Amongst the tales of historical power couples – Cleopatra and Caesar, Kahlo and Rivera, Boleyn and King Henry – none have dragged society to their feet in sheer anticipation as the reunion of Paul Greengrass and Matt Damon.
We know the name, and despite their absence in the fourth installment, Damon and Greengrass return to create an extension to Bourne’s journey in revealing the truth of his past and avenging the wrongdoings done to him by those who were responsible.
When Bourne’s ally Nicky Parsons (Julia Stiles) discovers information about his father, CIA Director Robert Dewey (Tommy Lee Jones) will stop at nothing to keep Bourne from discovering their secrets. With the ambitious Heather Lee (Alicia Vikander) commanding operations to find Bourne and bring him in, and the coldblooded Asset (Vincent Cassel) on his tail, Bourne comes out of hiding to traverse the Mediterranean in search of answers.
What the Bourne series prides itself on is its gritty realism and unpolished camerawork that place audiences inside the same space as Bourne as he fights to survive. And the trailers leading up to the film’s release gave audiences little nibbles teasing similarly realistic directing and brutal choreography, with Damon clearly having hit the gym hard since his days on Mars in last year’s The Martian.
And Damon, as always, brings intensity to a character that would feel empty had any other actor worn the same boxing gloves. It’s in the subtle glances and way he walks that brings audiences back to the same complex and damaged character he had first created some fourteen years ago. It would be a lie to say audiences will not be thrilled to see Damon return with the same coldness and commitment that we remember so fondly, and that has certainly been explored in his memorable roles throughout the years since in The Departed, Invictus etc but none as satisfying as Bourne. While his identity crisis is somewhat less of an issue in this installment, Damon still investigates the complexity behind Bourne’s broken past, the effect of emerging technology, and issues of surveillance in a post-Snowden era.
What audiences also affectionately nurture in their cryogenic chambers of nostalgia is the spatial shrewdness Bourne demonstrates time and time again, using the resources at his immediate disposal to get himself out of tight situations and turn them into an advantage, and there are certainly plenty of those in Jason Bourne. No vodka bottle, newspaper or pen is safe from being turned into a weapon of some kind and it’s this pure fun, interwoven through a dark narrative with spices of ruthless physicality, which Greengrass reignites into the Bourne franchise after a partial momentary lapse in the fourth installment. Even the handheld camerawork and tilted angles to inject audiences into the chaos, contrasted with smooth long shots that distance the audience from characters as though preying on them, lend a sense of submergence into Bourne’s voyage that enhances the realism for which Bourne has become so beloved.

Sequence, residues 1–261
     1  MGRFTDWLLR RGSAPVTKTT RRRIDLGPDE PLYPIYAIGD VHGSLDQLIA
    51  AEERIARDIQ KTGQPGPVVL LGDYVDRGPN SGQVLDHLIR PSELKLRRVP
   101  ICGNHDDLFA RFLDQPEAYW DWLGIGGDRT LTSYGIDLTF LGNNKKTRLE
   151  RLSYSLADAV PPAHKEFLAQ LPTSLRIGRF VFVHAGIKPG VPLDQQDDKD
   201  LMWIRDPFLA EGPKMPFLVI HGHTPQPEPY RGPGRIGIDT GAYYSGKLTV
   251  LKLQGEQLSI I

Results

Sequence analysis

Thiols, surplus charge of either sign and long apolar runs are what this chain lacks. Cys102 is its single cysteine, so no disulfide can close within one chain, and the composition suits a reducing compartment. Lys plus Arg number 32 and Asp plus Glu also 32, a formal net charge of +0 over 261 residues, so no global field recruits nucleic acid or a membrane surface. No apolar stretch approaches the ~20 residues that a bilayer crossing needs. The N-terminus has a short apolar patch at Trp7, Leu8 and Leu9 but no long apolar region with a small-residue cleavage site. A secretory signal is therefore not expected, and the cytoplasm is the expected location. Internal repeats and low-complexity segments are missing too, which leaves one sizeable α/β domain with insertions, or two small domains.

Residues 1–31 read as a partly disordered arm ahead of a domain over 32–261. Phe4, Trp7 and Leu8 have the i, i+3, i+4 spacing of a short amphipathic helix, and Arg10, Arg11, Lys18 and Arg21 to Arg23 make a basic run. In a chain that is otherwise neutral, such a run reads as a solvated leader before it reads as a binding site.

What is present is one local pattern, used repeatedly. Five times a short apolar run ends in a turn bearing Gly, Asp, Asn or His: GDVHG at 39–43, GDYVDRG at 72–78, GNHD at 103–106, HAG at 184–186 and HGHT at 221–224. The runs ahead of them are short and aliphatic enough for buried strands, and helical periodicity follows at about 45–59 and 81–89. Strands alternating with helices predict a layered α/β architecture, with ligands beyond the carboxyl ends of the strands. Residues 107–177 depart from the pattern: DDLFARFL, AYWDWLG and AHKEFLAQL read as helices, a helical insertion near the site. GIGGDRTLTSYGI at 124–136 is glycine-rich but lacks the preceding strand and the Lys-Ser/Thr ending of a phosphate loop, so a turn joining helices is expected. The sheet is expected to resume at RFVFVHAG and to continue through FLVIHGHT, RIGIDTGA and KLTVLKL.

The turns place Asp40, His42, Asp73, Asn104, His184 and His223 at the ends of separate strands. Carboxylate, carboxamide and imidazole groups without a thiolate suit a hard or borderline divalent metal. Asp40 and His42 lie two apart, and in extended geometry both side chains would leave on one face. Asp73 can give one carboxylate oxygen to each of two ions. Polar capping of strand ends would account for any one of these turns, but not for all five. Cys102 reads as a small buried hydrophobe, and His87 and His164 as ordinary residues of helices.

It’s the same aesthetic and the same character, but it is not without its flaws. Tommy Lee Jones plays Tommy Lee Jones, and it would have been tantalising to see a little more from his character with, as a suggestion, a change in emotion. Academy Award winner Alicia Vikander is surprisingly under-utilised, despite being on screen and delivering more lines than any other character. Vincent Cassel was intriguing and begged to be explored deeper, but with a twenty-minute car chase constituting the film’s climax, his arc also seemed a tad less than satisfying which, along with Jones and Vikander’s characters, left an odd taste in the mouth. Not an unpleasant taste at all, but slightly odd.
Another who did impress was Nightcrawler alumni Riz Ahmed as Zuckerburg-esque Aaron Kalloor, who brought both sensitivity and charisma to a role that could easily have been cheapened into a one dimensional entrepreneur. The parallels to both Snowden and the Tim Cook controversy were obvious but not overwhelming, indulging in a necessary discussion about governmental surveillance and personal technologies without resorting to a lecture.
Ultimately, despite missing the opportunity to name itself Re-Bourne, Jason Bourne does everything it was meant to do. Even though a little more Damon kicking ass would have been nice, less car chases would have made the climax more satisfying and some of the incredible acting talent felt underused, Greengrass and Damon do return to the original working formula and update it to a contemporary stage. It’s unpolished, it’s visceral and every happy moment feels like it ends with a “but…” and that’s how Bourne is meant to be. A little scattered, a little rough around the edges but packing a punch that could knock anyone to the floor.
Review Score: FOUR STARS (OUT OF FIVE)
Jason Bourne is in cinemas around Australia on Thursday 28th July